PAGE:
Yesterday’s release of scientific data that links Attention-Deficit/Hyperactivity Disorder (ADHD) to pesticide exposure supports the case for going organic. The study, published in the May 17, 2010 online version of Pediatrics – The Official Journal of The American Academy of Pediatrics, found that out of 1139 children ages 8-15 years, those whose urine samples contained higher levels of organophosphate metabolites were more likely to have ADHD. Previous studies have shown a correlation between markers of organophosphate exposure and impaired neurodevelopment (e.g., behavioral problems and reduced cognitive function) in children living in environments with high exposure (e.g., living on a conventional farm). However, the recent study is the first to see a correlation in the general population for whom no particular exposure has occurred.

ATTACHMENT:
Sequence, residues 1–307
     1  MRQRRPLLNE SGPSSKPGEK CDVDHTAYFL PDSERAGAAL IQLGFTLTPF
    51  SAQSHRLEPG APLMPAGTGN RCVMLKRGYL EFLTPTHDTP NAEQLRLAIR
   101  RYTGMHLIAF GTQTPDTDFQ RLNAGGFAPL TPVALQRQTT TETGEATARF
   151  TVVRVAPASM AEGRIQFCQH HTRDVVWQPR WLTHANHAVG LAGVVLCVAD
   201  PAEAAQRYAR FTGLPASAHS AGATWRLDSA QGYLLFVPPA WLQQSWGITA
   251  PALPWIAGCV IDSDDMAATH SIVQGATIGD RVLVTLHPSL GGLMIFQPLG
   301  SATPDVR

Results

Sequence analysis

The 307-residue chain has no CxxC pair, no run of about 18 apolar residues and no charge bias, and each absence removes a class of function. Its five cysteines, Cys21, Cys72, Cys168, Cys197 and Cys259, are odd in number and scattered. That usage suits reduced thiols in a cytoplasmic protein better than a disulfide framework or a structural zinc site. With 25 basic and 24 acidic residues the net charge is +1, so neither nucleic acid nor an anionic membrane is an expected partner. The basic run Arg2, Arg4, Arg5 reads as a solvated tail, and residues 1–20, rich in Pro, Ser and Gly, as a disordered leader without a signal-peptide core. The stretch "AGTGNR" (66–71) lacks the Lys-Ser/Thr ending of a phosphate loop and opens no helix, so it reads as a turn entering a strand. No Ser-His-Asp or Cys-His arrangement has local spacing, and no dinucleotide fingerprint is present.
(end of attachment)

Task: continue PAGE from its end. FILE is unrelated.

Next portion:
Most of the children (93.8%) had some detectable markers of organophosphate exposure in their urine. Depending on the marker of organophosphate exposure, there was a 55-75% increase in the risk for developing ADHD for each 10 fold increase in urinary concentration of the metabolite (dimethyl alkylphosphate levels). The researchers note that because organophosphates are typically eliminated from the body within 3-6 days, their presence in most of the children studied indicates continued exposure.
Besides being present in the environment, residue of organophosphate metabolites has been found on fruits and vegetables, such as frozen blueberries. Investigators highlight that there are several limitations to the study and that there is a need for further investigation to determine if the link between pesticide exposure and ADHD is causal.
The current study’s findings highlight the importance of Americans to be aware of their food source and what they are putting into their bodies, as well as, their children’s bodies.
What do you think? Does this study support the case for eating only organically farmed fruits and vegetables? Can rinsing conventionally grown fruits and vegetables eliminate the risk? After reading this report, will you make the switch to organic foods? Share with us, we want to know!